The mainstream media generally fails to serve justice on behalf of police officers. The few times the police do make headlines, it often involves the media shedding a negative light on their work protecting and serving the American people. The Roundup, however, maintains its integrity and honors the men and women across the country working to preserve domestic tranquility. One of these men is Officer Eddie Crawford.
Tell us about yourself
I was born a poor, Louisiana boy who came to Texas to work as a police officer. The large Metropolitan City Dallas offered me a job right out of college; it was my first real job and 35 years later, I retired. It’s been a long time.
What drew you to join the police force?
I could say something stupid like it’s akin to the ministry. But you know the truth is that it kind of is. It’s the same attitude, just a different calling.
And it’s not a job. If you’re taking it as a job, it’ll kill you. You’ve got to really want to do this, and I trained rookies for many years. Some were great, some shouldn’t have been there, some asked to leave and they did.
Getting hired in the first place is tough, and now the training has gotten ultra-tough, so there’s always a turnover rate in the academy. If we started with 40 recruits, ten of them or so are going to fail out. It takes three years from when you graduate to the academy before where you can work by yourself, so the high turnover makes sense.
What was the proudest moment in your 35 years of service?
I was elected vice president of the Dallas Police Association. It’s a big thing and very much political. I’ve met all the governors. I have a picture of me and my favorite Governor at the house, Ann Richards, in my study. That was one of my favorite times. She was a great Governor, but Bush came along and defeated her. He wasn’t bad, but he was always planning to run for president, and Governor Perry is a good guy, but neither one of them were Ann Richards. She was a Trailblazer and a very interesting woman.
But as one of the DPA leaders, I was part of a group of three or four of us that assisted the 501C3 organization. We raised tax-free money that was designated for officers in need, sick or injured in the line of duty. It really came to light back in July when all the cops were killed downtown. Then our organization was all over the media everywhere. CNN’s running a show talking about donating to the Dallas Police Assist the Officer, and I’m just watching that unfold with chills. Something this little that we’d started had grown into something that now has millions of dollars attached to it. It helps cops every day, and doing something good for those cops is incredible.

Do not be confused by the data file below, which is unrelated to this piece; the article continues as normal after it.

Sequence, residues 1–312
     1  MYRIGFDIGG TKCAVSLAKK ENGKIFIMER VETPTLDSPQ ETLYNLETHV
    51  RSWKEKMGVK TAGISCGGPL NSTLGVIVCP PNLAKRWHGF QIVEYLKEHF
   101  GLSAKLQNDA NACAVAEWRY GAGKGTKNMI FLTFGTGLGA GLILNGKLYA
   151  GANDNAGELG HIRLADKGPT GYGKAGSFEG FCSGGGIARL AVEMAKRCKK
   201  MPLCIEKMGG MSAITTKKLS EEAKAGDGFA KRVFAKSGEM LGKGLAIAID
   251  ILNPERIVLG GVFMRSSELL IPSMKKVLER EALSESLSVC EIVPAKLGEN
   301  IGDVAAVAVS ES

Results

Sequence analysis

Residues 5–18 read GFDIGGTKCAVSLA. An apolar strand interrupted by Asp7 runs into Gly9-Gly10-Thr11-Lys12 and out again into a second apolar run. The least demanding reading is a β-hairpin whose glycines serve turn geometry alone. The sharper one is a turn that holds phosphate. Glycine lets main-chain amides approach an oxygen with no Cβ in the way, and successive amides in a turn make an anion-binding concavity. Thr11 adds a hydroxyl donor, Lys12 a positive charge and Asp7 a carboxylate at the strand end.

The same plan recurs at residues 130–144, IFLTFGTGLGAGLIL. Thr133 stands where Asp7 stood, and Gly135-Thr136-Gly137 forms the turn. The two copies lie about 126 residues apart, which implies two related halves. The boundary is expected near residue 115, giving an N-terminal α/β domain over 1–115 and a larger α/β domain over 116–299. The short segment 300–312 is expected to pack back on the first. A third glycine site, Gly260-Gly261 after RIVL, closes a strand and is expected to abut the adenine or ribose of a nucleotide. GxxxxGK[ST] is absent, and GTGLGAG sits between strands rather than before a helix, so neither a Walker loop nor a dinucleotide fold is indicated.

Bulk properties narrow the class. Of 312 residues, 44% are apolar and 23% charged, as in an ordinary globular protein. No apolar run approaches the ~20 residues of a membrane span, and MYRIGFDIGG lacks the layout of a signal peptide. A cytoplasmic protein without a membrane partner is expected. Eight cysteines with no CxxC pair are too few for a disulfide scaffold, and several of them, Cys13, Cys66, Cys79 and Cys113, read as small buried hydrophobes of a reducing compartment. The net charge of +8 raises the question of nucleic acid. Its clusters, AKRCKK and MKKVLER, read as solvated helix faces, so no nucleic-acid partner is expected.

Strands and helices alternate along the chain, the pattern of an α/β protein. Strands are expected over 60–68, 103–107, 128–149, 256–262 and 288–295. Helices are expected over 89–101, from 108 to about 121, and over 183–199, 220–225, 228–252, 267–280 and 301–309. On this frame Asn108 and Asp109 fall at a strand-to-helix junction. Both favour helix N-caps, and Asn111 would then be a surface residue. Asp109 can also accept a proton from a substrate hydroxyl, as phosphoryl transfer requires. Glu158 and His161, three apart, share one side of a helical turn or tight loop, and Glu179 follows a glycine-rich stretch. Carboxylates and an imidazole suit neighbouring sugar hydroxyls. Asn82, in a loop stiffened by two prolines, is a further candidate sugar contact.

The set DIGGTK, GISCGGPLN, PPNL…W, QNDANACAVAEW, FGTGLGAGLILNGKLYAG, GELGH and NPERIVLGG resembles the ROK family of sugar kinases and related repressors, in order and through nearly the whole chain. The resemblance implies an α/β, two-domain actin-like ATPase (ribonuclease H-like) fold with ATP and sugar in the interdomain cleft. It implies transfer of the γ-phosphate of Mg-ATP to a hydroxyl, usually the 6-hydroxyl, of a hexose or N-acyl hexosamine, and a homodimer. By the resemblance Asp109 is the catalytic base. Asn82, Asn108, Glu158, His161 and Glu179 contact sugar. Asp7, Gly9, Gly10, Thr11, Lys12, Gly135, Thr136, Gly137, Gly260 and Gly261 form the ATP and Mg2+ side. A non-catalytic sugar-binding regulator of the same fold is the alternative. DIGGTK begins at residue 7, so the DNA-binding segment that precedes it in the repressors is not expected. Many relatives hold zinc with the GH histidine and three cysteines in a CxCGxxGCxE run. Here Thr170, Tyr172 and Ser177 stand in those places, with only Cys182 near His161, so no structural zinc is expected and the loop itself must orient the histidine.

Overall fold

And that’s probably what I’m most proud of; it will be impacting people’s lives long after I’m dead.
How was your transition to Jesuit?
I worked with Officer Mike Scoggins for a long time; we worked a squad car on Greenville Avenue back in the 70s. So I was up here at Jesuit, and I have a son that goes to school here. He’s a junior/rising senior, and we were up here for Coach Al’s basketball practice when he was in fifth grade. Mike and I were chatting and stuff and he goes ‘hey, I was thinking about doing this gig part-time; would you be interested in Jesuit?’ I said ‘Sure, sounds like a lot of fun.’ A long year and a half rolls around and he calls me saying ‘hey you ready to do that Jesuit gig?’
I started coming in just part-time, and that was five years ago. In that time, I’ve come to realize Jesuit is a magic place. I call it a magical place, in that, if you’re here long enough, and you see people come and go, you get to see how people’s lives are affected and changed on a daily basis. Some people get it, who understand the magic that works in this building, and there are some people who don’t.
I didn’t seek out Jesuit at all, it found me. There really is something spiritual about it, if you will, and when you go down that road, you have the chance to either grab it or let it pass you by. I was in a position where it was just perfect for me.
Mike called me one day and said ‘Hey, I’m not staying as long as I thought. They’re going to call you and ask you if you want to take over full time, and they’re going to call you in about 20 minutes.’ The phone call came, and the rest is history. Here we are.
We’ve already added Brian here, and so, the legend continues. It just keeps going down the road just like everything else and never stops. It’s just a rolling stone, and it just gathers moss, then changes into something else. It’s just as crazy as it sounds, that just a casual conversation turned out to be something so great as my last five years have been here.
Stay tuned to The Roundup for more Jesuit community profiles.